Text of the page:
In this article we will discuss about Ephedra. After reading this article you will learn about: 1. Distribution of Ephedra 2. Vegetative Features of Ephedra 3. Anatomy 4. Reproduction 5. Embryogency 6. Economic Importance.
- Distribution of Ephedra
- Vegetative Features of Ephedra
- Anatomy of Ephedra
- Reproduction of Ephedra
- Embryogency of Ephedra
- Economic Importance of Ephedra
1. Distribution of Ephedra:
Ephedra occurs almost equally in both Western as well as Southern hemispheres. It is distributed in both North and South America, France, Arabia, northern parts of India, China and other neighbouring countries. Out of the so far reported nearly 40 species. The Old World (France, Canary Islands, India, China) accounts for about 18 species whereas 22 species are confined to New World (North and South America).
In India, it is represented by 6 species namely Ephedra foliata, E. gerardiana, E. intermedia, E. nebrodensis, E. regeliana and E saxatilis. They are distributed in dry parts of Punjab, Haryana, Rajasthan, Kashmir and Sikkim. Ephedra foliata is found in drier tracts of plains of Rajasthan, Haryana and Punjab.
2. Vegetative Features of Ephedra:
The vegetative plant body contains roots, stem and leaves and shows xerophytic characters. Shruby plant body usually remains less than two metres in height in most of the species. Ephedra compacta attains a height of about 30 cm and E. triandra, a lone tree species, reaches up to several metres. Chamberlain (1935) mentioned that Ephedra is a short-lived plant. It resembles Equisetum in its external morphology.
A prominent underground tap root system with many adventitious roots is present in Ephedra. Roots contain many root hairs but there is no mycorrhiza. The stem is green, ribbed, profusely branched, hard and glabrous, and bears nodes and intemodes. It is distinctly jointed. The stem, being green, performs the function of photosynthesis.
The leaves are small, scaly and rudimentary (Fig. 14.1). They are present in opposite decussate manner, or in whorls of three or rarely four. “There is hardly anything which could be called a blade” in Ephedra.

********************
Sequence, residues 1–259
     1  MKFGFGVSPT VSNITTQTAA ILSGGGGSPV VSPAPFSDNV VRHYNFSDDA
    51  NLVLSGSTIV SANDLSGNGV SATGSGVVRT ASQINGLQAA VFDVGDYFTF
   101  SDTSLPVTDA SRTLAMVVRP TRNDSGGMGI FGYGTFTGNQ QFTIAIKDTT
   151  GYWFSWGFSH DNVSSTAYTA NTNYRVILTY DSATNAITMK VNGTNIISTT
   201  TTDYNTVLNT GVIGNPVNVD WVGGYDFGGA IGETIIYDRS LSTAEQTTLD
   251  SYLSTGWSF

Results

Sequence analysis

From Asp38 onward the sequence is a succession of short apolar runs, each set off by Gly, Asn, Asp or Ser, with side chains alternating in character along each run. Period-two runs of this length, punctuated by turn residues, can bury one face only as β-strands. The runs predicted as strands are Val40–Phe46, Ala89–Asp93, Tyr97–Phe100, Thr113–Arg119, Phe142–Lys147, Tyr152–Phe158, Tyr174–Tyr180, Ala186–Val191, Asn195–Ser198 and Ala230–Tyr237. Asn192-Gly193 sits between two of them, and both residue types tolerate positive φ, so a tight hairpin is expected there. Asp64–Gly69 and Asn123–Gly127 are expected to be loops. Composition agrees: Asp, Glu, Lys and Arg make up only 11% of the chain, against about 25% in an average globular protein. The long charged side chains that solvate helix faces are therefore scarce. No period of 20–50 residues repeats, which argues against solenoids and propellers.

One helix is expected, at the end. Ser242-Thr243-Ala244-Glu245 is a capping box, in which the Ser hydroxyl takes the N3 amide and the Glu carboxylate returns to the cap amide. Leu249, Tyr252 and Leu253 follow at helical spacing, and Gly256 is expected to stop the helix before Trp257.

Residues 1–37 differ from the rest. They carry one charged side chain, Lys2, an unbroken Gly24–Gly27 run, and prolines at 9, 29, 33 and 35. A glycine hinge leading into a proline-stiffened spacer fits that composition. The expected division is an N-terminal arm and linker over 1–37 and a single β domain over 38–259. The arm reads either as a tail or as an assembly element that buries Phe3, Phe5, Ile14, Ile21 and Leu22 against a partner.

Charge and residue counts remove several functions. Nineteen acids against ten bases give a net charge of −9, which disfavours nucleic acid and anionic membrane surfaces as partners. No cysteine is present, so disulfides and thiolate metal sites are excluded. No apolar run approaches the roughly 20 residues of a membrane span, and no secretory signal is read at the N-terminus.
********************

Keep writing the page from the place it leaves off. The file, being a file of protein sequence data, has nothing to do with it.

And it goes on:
Scaly leaves fuse at the base to form a basal sheath. Each leaf contains two un-branched, parallel veins. A bud, which forms the branch, is present in the axil of each leaf. True foliage leaves are absent in Ephedra.
3. Anatomy of Ephedra:
(i) Young Stem:
The outline shows many ridges and grooves (Fig. 14.2). Epidermis is thickly cuticularized. The epidermal cells are thick-walled. Patches of sclerenchyma are present, particularly below the ridges.
Continuity of the epidermis is broken by many sunken stomata present in the grooves or along the sides of the grooves. The wide zone of thin-walled, chlorophyll-containing green cells is present in between the thick-walled sclerenchyma and the vascular cylinder (Fig. 14.2).
Many intercellular spaces are also present in this region. In some species this green region is differentiated into palisade and spongy parenchyma. Some sclerenchyma patches are also irregularly distributed in this green region. Endodermis is clearly demarcated only in very young stems. Pericycle is not clearly defined.
The vascular cylinder is an endarch siphonostele. It is formed by an interrupted ring of 8- 12 conjoint, collateral, open and endarch vascular bundles. The number of the primary vascular strands is generally eight, out of which four represent the ‘foliar traces’ while the remaining four are ‘stem-bundles’.
Foliar traces run up to the node. Each leaf receives two bundles. The nodes are unilacunar and two-traced type.
In each vascular bundle the xylem is present towards inner side while the phloem towards outer side. The xylem consists of tracheids, vessels and xylem parenchyma. The vessels contain bordered pitted thickenings. The tracheids may be annular or spiral.